Wednesday, July 30, 2014

Daytripper, A Life Examined Part One: Introduction

Welcome to Comics Bulletin’s team review of Fábio Moon and Gabriel Bá's Daytripper. This is the first part of an ambitious twelve-part series of articles on this powerful and much-loved series, which was published in the U.S. by Vertigo. As you can see, we’ve assembled an all-star group of Comics Bulletin writers for this series: Daniel Elkin, Chase Magnett, Paul Brian McCoy, Jason Sacks and Keith Silva. Each of our esteemed writers will be analyzing one chapter at a time from this series, with each chapter hand-chosen by the writer, and will be collaborating on “bookend” articles at the beginning and end of this series.

Sunday, July 27, 2014

Review -- FACTION 3

Faction 3

(Tim Gibson / Cory Mathis / Katie O'Neill / Jonathan King / Michael Brown / Mat Tait / Tom Williamson / Li Chen / Toby Morris)
4 stars
Some addictions can be glorious things. It's been nearly six months since last I had my Kiwi comics fix ( and I've been jonesing hard. Thankfully, editors Damon Keen and Amie Maxwell are back with their amazing New Zealand Comic Anthology, Faction, and issue three continues to “show off the diverse range of comic talent that exists in New Zealand and celebrate the extraordinary new direction that comics have been taking in the past years.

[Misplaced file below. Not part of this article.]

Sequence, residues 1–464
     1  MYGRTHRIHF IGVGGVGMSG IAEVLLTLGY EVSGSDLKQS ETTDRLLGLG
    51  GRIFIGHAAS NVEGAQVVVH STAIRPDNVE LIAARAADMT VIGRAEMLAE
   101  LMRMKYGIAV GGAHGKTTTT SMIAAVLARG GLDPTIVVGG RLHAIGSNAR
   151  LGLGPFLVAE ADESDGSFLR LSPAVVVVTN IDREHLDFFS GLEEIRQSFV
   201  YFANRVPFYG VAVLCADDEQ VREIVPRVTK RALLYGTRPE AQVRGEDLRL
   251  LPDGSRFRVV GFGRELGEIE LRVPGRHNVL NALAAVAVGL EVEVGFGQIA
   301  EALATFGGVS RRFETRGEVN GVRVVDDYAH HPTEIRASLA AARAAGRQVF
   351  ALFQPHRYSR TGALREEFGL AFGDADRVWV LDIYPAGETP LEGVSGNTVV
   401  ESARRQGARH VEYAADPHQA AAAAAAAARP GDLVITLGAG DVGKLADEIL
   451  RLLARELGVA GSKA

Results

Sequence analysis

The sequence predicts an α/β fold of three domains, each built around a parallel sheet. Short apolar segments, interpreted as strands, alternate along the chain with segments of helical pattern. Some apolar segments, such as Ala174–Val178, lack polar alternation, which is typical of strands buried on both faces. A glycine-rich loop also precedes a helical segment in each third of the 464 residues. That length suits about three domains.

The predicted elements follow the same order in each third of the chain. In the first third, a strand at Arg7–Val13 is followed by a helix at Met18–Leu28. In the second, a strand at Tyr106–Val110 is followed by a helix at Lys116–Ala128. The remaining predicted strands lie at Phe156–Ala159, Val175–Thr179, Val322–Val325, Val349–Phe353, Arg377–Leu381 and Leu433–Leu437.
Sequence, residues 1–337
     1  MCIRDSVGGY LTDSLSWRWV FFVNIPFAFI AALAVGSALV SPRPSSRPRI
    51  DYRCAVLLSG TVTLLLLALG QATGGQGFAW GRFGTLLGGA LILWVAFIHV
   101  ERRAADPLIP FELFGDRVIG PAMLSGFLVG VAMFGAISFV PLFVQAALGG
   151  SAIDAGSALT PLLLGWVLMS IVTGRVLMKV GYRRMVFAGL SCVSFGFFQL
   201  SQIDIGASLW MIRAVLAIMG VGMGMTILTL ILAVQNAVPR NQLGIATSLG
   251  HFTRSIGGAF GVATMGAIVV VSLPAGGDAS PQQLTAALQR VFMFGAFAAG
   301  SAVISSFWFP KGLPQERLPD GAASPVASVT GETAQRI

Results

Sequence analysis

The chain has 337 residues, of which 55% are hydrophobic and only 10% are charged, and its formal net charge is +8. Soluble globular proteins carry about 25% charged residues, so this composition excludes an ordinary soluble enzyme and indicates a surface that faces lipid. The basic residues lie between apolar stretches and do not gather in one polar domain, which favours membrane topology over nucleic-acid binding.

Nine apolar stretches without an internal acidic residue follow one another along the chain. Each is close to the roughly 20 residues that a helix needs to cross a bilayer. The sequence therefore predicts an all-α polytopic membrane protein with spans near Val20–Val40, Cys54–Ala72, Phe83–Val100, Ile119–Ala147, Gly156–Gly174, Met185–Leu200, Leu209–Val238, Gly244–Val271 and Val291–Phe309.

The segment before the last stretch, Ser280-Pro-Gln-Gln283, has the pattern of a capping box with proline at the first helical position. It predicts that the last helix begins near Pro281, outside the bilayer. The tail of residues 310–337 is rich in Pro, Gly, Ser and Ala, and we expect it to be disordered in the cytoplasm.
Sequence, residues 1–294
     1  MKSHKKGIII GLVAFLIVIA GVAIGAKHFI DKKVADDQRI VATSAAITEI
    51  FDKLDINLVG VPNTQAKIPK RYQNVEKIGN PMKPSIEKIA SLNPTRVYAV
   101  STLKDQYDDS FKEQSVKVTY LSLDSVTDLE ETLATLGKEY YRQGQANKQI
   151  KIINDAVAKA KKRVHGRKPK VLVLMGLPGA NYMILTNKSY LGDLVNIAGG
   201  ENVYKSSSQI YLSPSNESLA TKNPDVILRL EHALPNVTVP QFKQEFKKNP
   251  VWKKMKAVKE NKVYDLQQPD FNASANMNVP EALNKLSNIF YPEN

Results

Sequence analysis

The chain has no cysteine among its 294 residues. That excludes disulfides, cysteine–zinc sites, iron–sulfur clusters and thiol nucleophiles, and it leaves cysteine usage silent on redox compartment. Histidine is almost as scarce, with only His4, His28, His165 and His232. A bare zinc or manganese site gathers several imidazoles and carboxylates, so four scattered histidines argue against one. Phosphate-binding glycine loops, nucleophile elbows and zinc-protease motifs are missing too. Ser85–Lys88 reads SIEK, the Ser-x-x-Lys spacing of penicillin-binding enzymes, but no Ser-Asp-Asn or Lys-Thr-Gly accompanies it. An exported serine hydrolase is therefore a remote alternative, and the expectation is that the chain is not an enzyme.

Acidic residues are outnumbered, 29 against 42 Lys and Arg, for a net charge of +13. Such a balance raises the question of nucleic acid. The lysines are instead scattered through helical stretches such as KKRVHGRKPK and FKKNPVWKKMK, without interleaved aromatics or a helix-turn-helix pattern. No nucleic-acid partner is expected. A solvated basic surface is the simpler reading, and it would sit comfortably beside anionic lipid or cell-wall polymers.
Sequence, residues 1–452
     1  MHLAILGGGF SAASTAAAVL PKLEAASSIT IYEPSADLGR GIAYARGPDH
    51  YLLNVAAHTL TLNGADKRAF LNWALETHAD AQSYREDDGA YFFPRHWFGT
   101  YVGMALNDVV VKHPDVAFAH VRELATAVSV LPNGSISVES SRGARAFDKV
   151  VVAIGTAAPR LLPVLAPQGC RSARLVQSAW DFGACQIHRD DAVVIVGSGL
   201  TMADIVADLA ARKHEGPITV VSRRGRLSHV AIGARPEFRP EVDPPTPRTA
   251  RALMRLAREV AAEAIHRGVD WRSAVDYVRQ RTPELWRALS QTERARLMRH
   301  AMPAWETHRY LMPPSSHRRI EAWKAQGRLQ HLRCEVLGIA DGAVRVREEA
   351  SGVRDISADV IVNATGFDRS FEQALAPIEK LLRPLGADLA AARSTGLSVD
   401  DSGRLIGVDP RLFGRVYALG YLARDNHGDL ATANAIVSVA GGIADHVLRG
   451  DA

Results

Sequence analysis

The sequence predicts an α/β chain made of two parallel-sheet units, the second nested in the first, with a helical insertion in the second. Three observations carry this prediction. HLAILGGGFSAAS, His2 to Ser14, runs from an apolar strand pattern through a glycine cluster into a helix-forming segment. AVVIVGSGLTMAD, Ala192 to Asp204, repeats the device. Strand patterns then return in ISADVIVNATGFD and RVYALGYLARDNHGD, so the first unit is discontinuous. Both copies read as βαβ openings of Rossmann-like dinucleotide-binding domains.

The heft of issue three is provided by Tim Gibson's 27 page “The Reservoir”. I'd first been introduced to this piece when it ran in its digital incarnation, but for inclusion in Faction, Gibson has retooled the story, format, and (obviously) presentation to make it altogether something new. The addition of color pulled from a palette of beiges and gray-blues adds another texture to the emotional intensity with which this story is infused. Here, outside its original kinetic presentation and onto the static page, the pacing is different, more intense, thick with the moral relativity of its tale.
Also of note in Faction 3 is Katie O'Neill's “Don't Let Go”, a post-apocalyptic short about love, humanity, conflict, devotion, and acceptance. In this, O'Neill uses time shifts to add tension and resonance. In eight sparsely worded pages, O'Neill is able to make powerful commentary on the cost of war and the divisiveness of “the other”, while creating a deeply affecting story of faithfulness and kindness. It's potent in its brevity, expansive by being controlled.

Saturday, July 26, 2014


Cringe: An Anthology of Embarrassment

(Cara Bean / Box Brown / Jeffrey Brown / Elijah Brubker / Chris Carlier / Peter S. Conrad / Chad Essley / Andrew Farago / Shaenon Garrity / Delaine Derry Green / Julia Gfrörer / Sam Henderson / Victor Kerlow / Steve Lafler / Lizz Lunney / Fred Noland / Stephen Notley / Adam Pasion / Sam Spina / Gabby Schultz / Noah Van Sciver / Geoff Vasile / Jamie Vayda and Alan King / Chad Woody / Jess Worby / J.T. Yost)
4 stars

We all have that one really embarrassing story that we carry around with us like a soggy sandwich in the shame pit of our heart. Sometimes these stories define us, sometimes they remind us of our fallibility, sometimes we use them as a source of wisdom, other times we use them to confirm our self-loathing.